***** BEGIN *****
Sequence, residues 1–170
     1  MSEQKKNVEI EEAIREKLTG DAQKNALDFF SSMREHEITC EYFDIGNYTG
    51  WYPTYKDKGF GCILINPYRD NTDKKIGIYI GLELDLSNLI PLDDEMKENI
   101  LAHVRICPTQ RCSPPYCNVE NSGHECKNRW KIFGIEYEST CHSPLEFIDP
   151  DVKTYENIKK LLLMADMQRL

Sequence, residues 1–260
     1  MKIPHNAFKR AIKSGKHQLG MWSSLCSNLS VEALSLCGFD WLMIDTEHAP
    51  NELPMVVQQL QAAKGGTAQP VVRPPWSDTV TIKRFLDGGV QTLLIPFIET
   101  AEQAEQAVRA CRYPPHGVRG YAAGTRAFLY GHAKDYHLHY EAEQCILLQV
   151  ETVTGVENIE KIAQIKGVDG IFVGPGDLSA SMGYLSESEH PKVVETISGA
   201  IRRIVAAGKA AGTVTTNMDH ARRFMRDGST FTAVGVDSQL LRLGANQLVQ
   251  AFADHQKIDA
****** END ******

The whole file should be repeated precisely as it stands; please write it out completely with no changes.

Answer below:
Sequence, residues 1–170
     1  MSEQKKNVEI EEAIREKLTG DAQKNALDFF SSMREHEITC EYFDIGNYTG
    51  WYPTYKDKGF GCILINPYRD NTDKKIGIYI GLELDLSNLI PLDDEMKENI
   101  LAHVRICPTQ RCSPPYCNVE NSGHECKNRW KIFGIEYEST CHSPLEFIDP
   151  DVKTYENIKK LLLMADMQRL

Sequence, residues 1–260
     1  MKIPHNAFKR AIKSGKHQLG MWSSLCSNLS VEALSLCGFD WLMIDTEHAP
    51  NELPMVVQQL QAAKGGTAQP VVRPPWSDTV TIKRFLDGGV QTLLIPFIET
   101  AEQAEQAVRA CRYPPHGVRG YAAGTRAFLY GHAKDYHLHY EAEQCILLQV
   151  ETVTGVENIE KIAQIKGVDG IFVGPGDLSA SMGYLSESEH PKVVETISGA
   201  IRRIVAAGKA AGTVTTNMDH ARRFMRDGST FTAVGVDSQL LRLGANQLVQ
   251  AFADHQKIDA